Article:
By Gordon Houser
February 25, 2021
Forty-eight years ago, in February 1973, seven people from two dismantled groups in Newton, Kan., rented a van and traveled to Evanston, Ill., to attend a conference hosted by Reba Place Fellowship for people interested in intentional community. As a result, these seven formed New Creation Fellowship (NCF) as an intentional Christian community.
By April they had established a common treasury, decided to locate in a certain neighborhood in Newton and purchased a house there. By October they were holding Sunday morning worship services in the living room of that house. A month earlier, in September, NCF joined Western District Conference.
In the next few years, the fellowship formed small groups and welcomed new members. Decision-making was done using a consensus model.
In 1976, the group incorporated with the state of Kansas as two corporations: one for New Creation Fellowship and one for New Creation Fellowship Church (NCFC).
More people came, and the fellowship bought more houses for the extended households that had formed. These included multiple family units and single adults. In 1980, NCF joined the General Conference Mennonite Church.
A crisis arrived in 1981, when the IRS began auditing members of the common treasury. During a years-long process I’ve described as Kafkaesque, the IRS discounted donations to the church corporation by common treasury members, and those members had to pay back taxes with an additional interest payment of around 20 percent. The fellowship then sold houses to help pay these, while receiving help from sister community Reba Place, which was organized the same way but escaped IRS scrutiny.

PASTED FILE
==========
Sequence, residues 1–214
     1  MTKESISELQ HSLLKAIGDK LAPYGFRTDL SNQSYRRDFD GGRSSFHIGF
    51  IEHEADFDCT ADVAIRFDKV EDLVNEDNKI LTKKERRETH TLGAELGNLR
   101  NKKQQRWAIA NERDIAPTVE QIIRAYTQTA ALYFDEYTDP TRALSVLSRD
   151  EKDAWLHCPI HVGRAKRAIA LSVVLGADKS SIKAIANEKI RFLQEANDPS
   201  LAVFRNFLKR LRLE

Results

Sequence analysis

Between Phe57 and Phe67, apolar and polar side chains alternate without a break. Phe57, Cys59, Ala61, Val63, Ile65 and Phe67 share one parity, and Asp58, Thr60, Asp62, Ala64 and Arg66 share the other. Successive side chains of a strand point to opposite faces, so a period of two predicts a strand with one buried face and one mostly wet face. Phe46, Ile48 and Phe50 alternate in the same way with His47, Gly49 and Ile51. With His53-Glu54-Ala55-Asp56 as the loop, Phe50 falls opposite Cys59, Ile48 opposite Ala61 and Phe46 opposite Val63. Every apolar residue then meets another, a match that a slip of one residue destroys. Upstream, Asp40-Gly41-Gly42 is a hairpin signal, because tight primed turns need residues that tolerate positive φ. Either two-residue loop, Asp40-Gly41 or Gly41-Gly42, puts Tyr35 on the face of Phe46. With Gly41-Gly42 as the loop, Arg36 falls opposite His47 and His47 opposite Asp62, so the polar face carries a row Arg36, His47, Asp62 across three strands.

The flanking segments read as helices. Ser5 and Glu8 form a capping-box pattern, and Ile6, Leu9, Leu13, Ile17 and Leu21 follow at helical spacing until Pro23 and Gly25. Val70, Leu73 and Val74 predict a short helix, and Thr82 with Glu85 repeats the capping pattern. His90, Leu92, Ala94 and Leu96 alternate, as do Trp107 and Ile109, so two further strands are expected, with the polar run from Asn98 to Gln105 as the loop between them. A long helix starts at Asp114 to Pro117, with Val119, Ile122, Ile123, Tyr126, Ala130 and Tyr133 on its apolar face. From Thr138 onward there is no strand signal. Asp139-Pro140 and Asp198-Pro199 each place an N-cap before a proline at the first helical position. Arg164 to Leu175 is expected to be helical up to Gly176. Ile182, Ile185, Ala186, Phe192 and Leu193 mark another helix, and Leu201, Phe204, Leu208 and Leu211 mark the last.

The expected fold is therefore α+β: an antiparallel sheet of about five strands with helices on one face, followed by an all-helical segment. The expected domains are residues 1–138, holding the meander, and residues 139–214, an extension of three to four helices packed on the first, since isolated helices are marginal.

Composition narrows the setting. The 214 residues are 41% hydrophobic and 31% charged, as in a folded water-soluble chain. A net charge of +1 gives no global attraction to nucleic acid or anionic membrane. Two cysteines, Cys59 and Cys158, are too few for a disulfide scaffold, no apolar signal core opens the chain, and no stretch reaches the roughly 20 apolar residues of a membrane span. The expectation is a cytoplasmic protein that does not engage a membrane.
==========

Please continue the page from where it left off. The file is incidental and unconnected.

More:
In 1984, church membership was changed so that people could join the church without joining the common treasury. At the end of 1985, the common treasury, which then included only four families, dissolved.
From its beginning until 1986, NCFC held worship services in a house. In 1986, it began meeting at the Northview Development Center dining hall. In 1989, the church began worshiping at Sister Frieda Chapel, renting the facility. In 1991, the church purchased the building from Newton Medical Center. That building remains NCFC’s meetingplace, although since March 22, 2020, the congregation has produced its worship services online and met remotely.
Several members of NCF helped start the Newton Area Peace Center (now called Peace Connections) in 1984. In 1991, the church started Health Ministries, an outreach to the growing number of people without health insurance. In 1994, the church launched an early childhood outreach program, led by Kristin Neufeld (now Neufeld Epp), that soon became New Creation Preschool, which continues today, with Neufeld Epp as the director.
From its beginning, NCFC has followed a shared-leadership model. “Elders” provided oversight, and various people gave sermons at worship. In 1980, Steve Schmidt was ordained and eventually served as lead pastor. In 1996, Wes Bergen was added as a quarter-time teaching pastor. In 2001, Schmidt left to take a pastoral position in La Junta, Colo. Stan Bohn served as interim pastor for one year, then Ruth Penner served as pastor from 2002-2008. Renee Kanagy served as pastor from 2008-2015. Jenny Wintermote served one year as leader in faith formation. In 2016, Derrick Ramer became the pastor and continues today.
In its 48 years, NCFC has gone through many changes and seen many people come and go, but all the while its identity as a Mennonite congregation that seeks to worship God and faithfully reflect God’s unconditional love remains.
After the pandemic hit in 2020, New Creation Fellowship Church put up a sharing box and invited people to place boxed or canned food, personal care items, masks or other items someone might find helpful. It receives visitors almost every day.